New York City has never had a problem enticing people to work within its confines. Come for the dream of running this town, stay for the tiny apartment and redemptive nightlife. But just as the city’s expanding tech sector is looking vaguely bubble-shaped, start-ups are having trouble attracting a critical class of recruits: geeks of the software-developing and engineering kind. “We wrote a blog post looking to hire an operations person, and we received over 1,000 résumés,” says Vinicus Vacanti, co-founder of deal-aggregator Yipit. “We put out a similar post looking for engineers and received five.”
“If you want to be on Wall Street or in entertainment or advertising, you come here,” says Fred Wilson, unofficial godfather to the city’s toddler Facebooks and Twitters. “If you want to be a software engineer, you might not think of New York. Yet we’re dying to hire.” Native venture-capital firms like his Union Square Ventures funneled $1.3 billion to new companies in just the first nine months of 2010, helping New York surpass Boston as home to the second-most new start-ups in the country, behind only Silicon Valley. While mainstay industries like finance and media have yet to fully recover, our start-ups have mojo and money to spend. So why can’t they find the talent?
For one, because New York’s elite universities don’t yet churn out engineers at the rate of a Stanford or an M.I.T. But demand for tech talent is outstripping supply around the country; our problem has more to do with what happens when homegrown geeks matriculate. Those who ignore the call of the Valley (or Google’s $2 billion Chelsea outpost) tend to get sucked into the financial sector. “Put your résumé out there and you’re going to get contacted by four or five headhunters, and within two weeks, assuming you’re a strong candidate, you’ll have an offer or two from a bank. It’s sort of the easy choice,” says Justin Moore, an engineer who worked at Bear Stearns and a hedge fund before moving to Foursquare. Especially considering that banks pay in large stacks of actual money, while start-up compensation typically leans on equity in what may—or may not!—be the next Groupon.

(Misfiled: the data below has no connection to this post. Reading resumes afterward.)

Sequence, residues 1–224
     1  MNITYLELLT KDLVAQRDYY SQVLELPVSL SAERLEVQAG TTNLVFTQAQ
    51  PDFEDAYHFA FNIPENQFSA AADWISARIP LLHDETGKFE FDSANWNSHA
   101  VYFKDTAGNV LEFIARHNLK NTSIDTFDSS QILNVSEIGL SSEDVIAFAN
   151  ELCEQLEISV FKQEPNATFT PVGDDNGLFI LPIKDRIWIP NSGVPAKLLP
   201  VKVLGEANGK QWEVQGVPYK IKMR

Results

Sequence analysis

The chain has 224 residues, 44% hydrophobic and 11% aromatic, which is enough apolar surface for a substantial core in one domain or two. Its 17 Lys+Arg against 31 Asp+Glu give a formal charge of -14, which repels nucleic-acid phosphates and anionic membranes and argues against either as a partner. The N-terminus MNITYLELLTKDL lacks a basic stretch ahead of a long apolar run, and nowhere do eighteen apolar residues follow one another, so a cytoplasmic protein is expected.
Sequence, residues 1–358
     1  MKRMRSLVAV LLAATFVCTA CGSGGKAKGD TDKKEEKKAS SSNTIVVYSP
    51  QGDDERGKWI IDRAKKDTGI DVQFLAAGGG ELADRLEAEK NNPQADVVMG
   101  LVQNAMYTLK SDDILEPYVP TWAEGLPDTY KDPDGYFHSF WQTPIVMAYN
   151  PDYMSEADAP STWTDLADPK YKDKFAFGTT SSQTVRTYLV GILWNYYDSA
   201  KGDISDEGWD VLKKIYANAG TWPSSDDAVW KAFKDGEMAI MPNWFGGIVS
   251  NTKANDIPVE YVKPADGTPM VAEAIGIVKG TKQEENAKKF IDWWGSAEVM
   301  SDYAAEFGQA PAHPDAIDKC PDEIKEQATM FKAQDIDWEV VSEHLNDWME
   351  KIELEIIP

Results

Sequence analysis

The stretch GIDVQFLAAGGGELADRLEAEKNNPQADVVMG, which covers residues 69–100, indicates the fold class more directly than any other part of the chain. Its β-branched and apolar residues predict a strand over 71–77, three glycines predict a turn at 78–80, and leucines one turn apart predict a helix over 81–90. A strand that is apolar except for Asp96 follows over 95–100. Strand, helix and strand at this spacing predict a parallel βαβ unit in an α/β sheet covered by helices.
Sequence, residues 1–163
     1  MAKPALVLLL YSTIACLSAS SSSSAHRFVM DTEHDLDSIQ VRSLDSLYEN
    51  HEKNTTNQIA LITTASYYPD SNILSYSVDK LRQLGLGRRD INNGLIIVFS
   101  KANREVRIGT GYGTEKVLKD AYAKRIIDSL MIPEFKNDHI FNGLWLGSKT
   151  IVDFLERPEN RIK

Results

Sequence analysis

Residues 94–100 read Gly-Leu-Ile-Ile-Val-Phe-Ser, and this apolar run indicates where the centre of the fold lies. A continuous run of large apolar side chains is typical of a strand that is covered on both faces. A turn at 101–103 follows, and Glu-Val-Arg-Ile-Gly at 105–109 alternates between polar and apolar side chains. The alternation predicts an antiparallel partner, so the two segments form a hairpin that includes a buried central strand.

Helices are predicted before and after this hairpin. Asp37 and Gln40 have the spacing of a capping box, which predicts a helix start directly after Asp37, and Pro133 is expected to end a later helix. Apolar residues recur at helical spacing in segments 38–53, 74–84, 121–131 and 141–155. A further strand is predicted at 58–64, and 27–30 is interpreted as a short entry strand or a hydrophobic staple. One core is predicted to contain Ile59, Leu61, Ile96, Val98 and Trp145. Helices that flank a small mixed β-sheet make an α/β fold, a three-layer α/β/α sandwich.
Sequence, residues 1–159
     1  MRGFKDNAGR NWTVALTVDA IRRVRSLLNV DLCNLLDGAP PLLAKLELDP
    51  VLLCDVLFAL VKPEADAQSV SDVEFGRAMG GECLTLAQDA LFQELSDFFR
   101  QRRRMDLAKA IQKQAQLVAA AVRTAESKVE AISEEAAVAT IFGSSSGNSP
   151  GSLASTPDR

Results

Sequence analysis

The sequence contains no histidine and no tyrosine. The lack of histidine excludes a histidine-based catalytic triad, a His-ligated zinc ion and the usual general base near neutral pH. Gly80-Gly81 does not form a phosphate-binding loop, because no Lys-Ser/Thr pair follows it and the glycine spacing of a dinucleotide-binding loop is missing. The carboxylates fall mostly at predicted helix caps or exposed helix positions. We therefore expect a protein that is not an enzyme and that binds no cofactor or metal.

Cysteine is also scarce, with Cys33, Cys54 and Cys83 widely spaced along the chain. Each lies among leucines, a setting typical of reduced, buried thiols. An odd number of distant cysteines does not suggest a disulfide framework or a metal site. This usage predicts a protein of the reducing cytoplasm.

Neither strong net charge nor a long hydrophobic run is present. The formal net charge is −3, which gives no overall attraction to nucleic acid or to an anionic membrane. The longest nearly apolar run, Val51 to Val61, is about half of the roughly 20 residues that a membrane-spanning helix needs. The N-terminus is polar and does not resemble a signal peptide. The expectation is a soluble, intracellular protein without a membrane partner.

On the other hand, tech jobs in finance tend to involve sitting in some back office, hacking out code in service of the Wall Street money machine, which contributes to the sense that tech jobs here are less life-affirming, and certainly less world-changing (a big thing with this crowd), than those elsewhere. Wilson calls this the local scene’s “marketing problem.” The consensus is that the city’s start-ups need to do better at getting the word out that there are plenty of opportunities in New York to toy with the latest technology and build things real people actually use, all from a sweet loft space in Dumbo or a Flatiron incubator.
New York’s new entrepreneurial class has taken on a certain swagger from building a tech sector out of almost nothing and not having to leave the five boroughs to do it. The geek gap is a threat to its collective ego. If we’re so hot now, whither those engineering résumés? Is Silicon Valley smirking at us from its sprawling corporate campuses? Again? Vacanti, at least, is unworried. Once we get the first batch of recruits, he predicts, “they’ll go back and tell their engineering friends in San Francisco how amazing the city actually is.”